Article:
Supporting the introduction of life-saving vaccines is not enough if the vaccines cannot reach the children who need them


A health worker administers a vaccine in Ethiopia.
Credit: Gavi/2013/Jiro Ose.

Strong health systems are needed to deliver and scale-up new vaccines and to improve immunisation coverage and equity.

Gavi, the Vaccine Alliance supports the world’s poorest countries where health system conditions can vary. From inadequate infrastructure, lack of trained healthcare workers and interruption in the supplies of essential commodities to a lack of data to track progress and no fridges to store vaccines, weak health systems represent a critical barrier to Gavi’s mission

For example, in some Gavi-eligible countries, a mother will walk hours in the heat with her new-born child only to be sent home because no trained health worker is available to administer vaccines, the facility ran out of syringes, or a power outage jeopardised the vaccine cold chain.

Barriers to immunisation

In 2004, a report by the Norwegian agency for development cooperation (Norad) identified several examples of how poor health systems undermine the performance of immunisation programmes in developing countries:

- unavailability of staff, transport and funds for immunisation activities at district level;

- few and under-trained health workers at district and service delivery level;

- failure to track available data on district immunisation coverage and vaccine stock levels;

- low staff morale, lack of career prospects and the international migration of health professionals;

- in post-conflict situations, immunisation is hit by the lack of health infrastructure and a shortage of skilled human resources.

WHO defines six building blocks that contribute to a strengthened health system:

  • Health service delivery: a network of integrated and people-centred health facilities to provide access to primary and secondary care;
  • Health workers, in the right place, at the right time with training, experience and incentives;
  • Logistics and supply systems, including an adequate cold chain in place to deliver vaccines;
  • Health financing to raise sufficient funds for health and improve financial risk protection;
  • Health information and monitoring to generate quality data and to measure what is being done and achieved;
  • Leadership and governance to ensure that a strategic policy framework exists and there is proper accountability and oversight.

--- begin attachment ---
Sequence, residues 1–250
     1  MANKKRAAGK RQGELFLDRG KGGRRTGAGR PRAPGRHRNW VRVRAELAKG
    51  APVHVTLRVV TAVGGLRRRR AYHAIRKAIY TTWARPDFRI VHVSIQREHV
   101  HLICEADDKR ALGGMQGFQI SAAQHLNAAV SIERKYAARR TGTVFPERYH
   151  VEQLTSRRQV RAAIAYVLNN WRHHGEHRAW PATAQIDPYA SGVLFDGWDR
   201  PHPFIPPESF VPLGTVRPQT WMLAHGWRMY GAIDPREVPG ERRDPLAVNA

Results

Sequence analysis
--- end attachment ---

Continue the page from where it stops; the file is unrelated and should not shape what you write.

In addition to these six requirements, community mobilisation and demand generation are other areas of importance for a strong health system.

Gavi’s health system strengthening support is focused on improving immunisation coverage and equity through investments in health systems


Nurses prepare to vaccine and immunise children in Kenya.
Photo: Gavi/2013/Evelyn Hockstein.

Gavi’s five-year strategic plan for 2011-15 includes a strategic health system goal. Strategic Goal 2 aims to “contribute to strengthening the capacity of integrated health systems to deliver immunisation by resolving health systems constraints, increasing the level of equity in access to services and strengthening civil society engagement in the health sector.”

Countries are required to use Gavi health system strengthening (HSS) funding to target “bottlenecks” or barriers in the health system that stand in the way of increased access to immunisation and other child and maternal health services. Support is based on performance and linked to improvements in immunisation coverage and equity of access. In line with International Health Partnership (IHP+) principles, funding is also dependant on country proposals’ alignment with the annual planning and budgeting process of their national health plans.

Specifically, countries are encouraged to use HSS support to fund activities that fit within the six building blocks identified by WHO, as well as community mobilisation and demand generation, as the key areas of a strengthened health system to improve immunisation outcomes. To guide countries to categorise their chosen activities within these areas, Gavi HSS application guidelines include an illustrative grant categorisation table.

Barriers to improving immunisation coverage and equity

In early 2014, the Results for Development Institute conducted a review of barriers to improving immunisation coverage and equity in Gavi countries. Countries reported barriers related to all health system components. It was recommended that Gavi should remain flexible in its HSS activities, and tailor solutions to country context.

HSS support tackles inequities in access to immunisation between the poor and the rich (socio-economic), between low- and high-coverage districts (geography) and between the sexes (gender).  For example:

  • Gender: sending female health workers to homes in cultures where mothers are not allowed to go to health facilities with children
  • Geography: improving access to vaccines for remote communities through outreach campaigns